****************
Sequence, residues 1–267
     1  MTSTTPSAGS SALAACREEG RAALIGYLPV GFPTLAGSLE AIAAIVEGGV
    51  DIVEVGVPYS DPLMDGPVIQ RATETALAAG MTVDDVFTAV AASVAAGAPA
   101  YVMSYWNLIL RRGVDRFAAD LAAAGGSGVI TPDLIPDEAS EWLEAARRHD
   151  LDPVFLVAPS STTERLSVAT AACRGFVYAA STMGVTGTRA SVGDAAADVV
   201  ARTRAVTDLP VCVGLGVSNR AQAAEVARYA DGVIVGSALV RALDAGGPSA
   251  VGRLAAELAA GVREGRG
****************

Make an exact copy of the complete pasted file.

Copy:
Sequence, residues 1–267
     1  MTSTTPSAGS SALAACREEG RAALIGYLPV GFPTLAGSLE AIAAIVEGGV
    51  DIVEVGVPYS DPLMDGPVIQ RATETALAAG MTVDDVFTAV AASVAAGAPA
   101  YVMSYWNLIL RRGVDRFAAD LAAAGGSGVI TPDLIPDEAS EWLEAARRHD
   151  LDPVFLVAPS STTERLSVAT AACRGFVYAA STMGVTGTRA SVGDAAADVV
   201  ARTRAVTDLP VCVGLGVSNR AQAAEVARYA DGVIVGSALV RALDAGGPSA
   251  VGRLAAELAA GVREGRG